Clin Cardiol. 2009 Jul;32(7):365-72
Consumption of polyunsaturated fatty acids, fish, and nuts and risk of inflammatory disease mortality
BACKGROUND: n-3 (omega-3) Polyunsaturated fatty acids (PUFAs), fish, and nuts can regulate inflammatory processes and responses.OBJECTIVE: We investigated whether dietary intakes of PUFAs [n-3, n-6 (omega-6), and α-linolenic acid], fish, and nuts were associated with 15-y mortality attributed to noncardiovascular, noncancer inflammatory diseases. DESIGN: The analyses involved 2514 participants aged ≥49 y at baseline. Dietary data were collected by using a semiquantitative food-frequency questionnaire, and PUFA, fish, and nut intakes were calculated. Inflammatory disease mortality was confirmed from the Australian National Death Index. RESULTS: Over 15 y, 214 subjects died of inflammatory diseases. Women in the highest tertiles of total n-3 PUFA intake, compared with those in the lowest tertile of intake at baseline, had a 44% reduced risk of inflammatory
disease mortality (P for trend = 0.03). This association was not observed in men. In both men and women, each 1-SD increase in energy-adjusted intake of α-linolenic acid was inversely associated with inflammatory mortality (hazard ratio: 0.83; 95% CI: 0.71, 0.98). Subjects in the second and third tertiles of nut consumption had a 51% and 32% reduced risk of inflammatory disease mortality, respectively, compared with those in the first tertile (reference). Dietary intakes of long-chain n-3 and n-6 PUFAs and fish were not associated with inflammatory disease mortality. CONCLUSIONS: We report on a novel link between dietary intake of total n-3 PUFA and risk of inflammatory disease mortality in older women. Furthermore, our data indicate a protective role of nuts, but not fish, against inflammatory disease mortality.
Am J Clin Nutr. 2011 May;93(5):1073-9
Omega-3 fatty acid supplementation reduces one-year risk of atrial fibrillation in patients hospitalized with myocardial infarction.
PURPOSE: Current strategies for avoiding atrial fibrillation (AF) are of limited value. We aim to assess the relationship between omega-3 fatty acids (n-3 PUFA) and AF occurrence in post-myocardial infarction (MI) patients. METHODS: A population study, linking hospital discharge records, prescription databases, and vital statistics, was conducted and included all consecutive patients with MI (ICD-9: 410) in six Italian local health authorities over a 3-year period. A propensity score (PS)-based, 5-to-1, greedy 1:1 matching algorithm was used to check consistency of results. Sensitivity analysis was performed to assess the robustness of findings. RESULTS: N-3 PUFA reduced the relative risk of the hospitalization for AF [hazard ratio (HR) 0.19, 95% CI 0.07-0.51] and was associated with a further and complementary reduction in all-cause mortality (HR 0.15, 95% CI 0.05-0.46). PS-based matched analysis and sensitivity analysis confirmed the main results. CONCLUSION: n-3 PUFA reduced both all-cause mortality and incidence of 1-year AF in patients hospitalized with MI.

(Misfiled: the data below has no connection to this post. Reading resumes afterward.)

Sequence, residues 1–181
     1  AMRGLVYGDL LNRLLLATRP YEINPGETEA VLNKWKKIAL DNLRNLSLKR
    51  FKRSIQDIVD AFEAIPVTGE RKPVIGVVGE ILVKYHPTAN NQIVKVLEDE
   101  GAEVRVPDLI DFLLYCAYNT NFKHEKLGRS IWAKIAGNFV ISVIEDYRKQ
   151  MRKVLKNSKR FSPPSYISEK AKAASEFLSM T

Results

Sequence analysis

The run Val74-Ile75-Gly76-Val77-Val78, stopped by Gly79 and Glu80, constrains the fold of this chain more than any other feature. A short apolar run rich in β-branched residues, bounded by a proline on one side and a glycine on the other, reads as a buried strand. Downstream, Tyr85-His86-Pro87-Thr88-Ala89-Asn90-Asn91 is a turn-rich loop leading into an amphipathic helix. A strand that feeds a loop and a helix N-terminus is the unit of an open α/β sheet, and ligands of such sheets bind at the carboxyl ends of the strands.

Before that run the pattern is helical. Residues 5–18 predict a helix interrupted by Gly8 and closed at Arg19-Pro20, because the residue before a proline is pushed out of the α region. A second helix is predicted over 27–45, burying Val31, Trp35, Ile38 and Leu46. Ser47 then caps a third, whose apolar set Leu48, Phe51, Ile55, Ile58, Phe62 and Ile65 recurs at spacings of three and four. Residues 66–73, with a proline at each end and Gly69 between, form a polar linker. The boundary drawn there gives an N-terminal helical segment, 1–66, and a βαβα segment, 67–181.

Eur J Clin Pharmacol. 2008 Jun;64(6):627-34
Blood eicosapentaenoic acid and docosahexaenoic acid as predictors of all-cause mortality in patients with acute myocardial infarction--data from Infarction Prognosis Study (IPS) Registry.
BACKGROUND: Although omega-3 polyunsaturated fatty acids are known to have beneficial effects on cardiovascular diseases, their prognostic value has not been studied prospectively in patients with acute myocardial infarction (AMI). METHODS AND RESULTS: The plasma levels of phospholipids, eicosapentaenoic acid (EPA) and docosahexaenoic acid (DHA) (% of total fatty acids), were measured in 508 patients (365 males; mean age, 63 years) with AMI. Clinical and biomarker predictors of all-cause and cardiovascular mortality were identified by stepwise Cox regression model. During a mean follow-up of 16.1 months, 36 (7.1%) patients died. After controlling for confounding variables, age (hazard ratio (HR): 1.09, P<0.001), renal insufficiency (HR: 2.84, P=0.01) and EPA level (HR: 0.29, P=0.004) were identified as independent predictors of all cause-mortality. When stratified by gender, age (HR: 1.08, P=0.001) and renal insufficiency (HR: 4.49, P=0.003) were predictors of all-cause-mortality in males, whereas EPA level (HR: 0.18, P=0.009) and angiotensin-converting enzyme inhibitor use (HR: 0.24, P=0.03) were identified as predictive of all-cause-mortality in females. CONCLUSIONS: Lower plasma level of EPA, but not DHA, was an independent predictor for all-cause-mortality in patients with AMI, but this relationship was significant only in female patients.
Circ J. 2009 Dec;73(12):2250-7
A randomized clinical trial on n-3 polyunsaturated fatty acids supplementation and all-cause mortality in elderly men at high cardiovascular risk.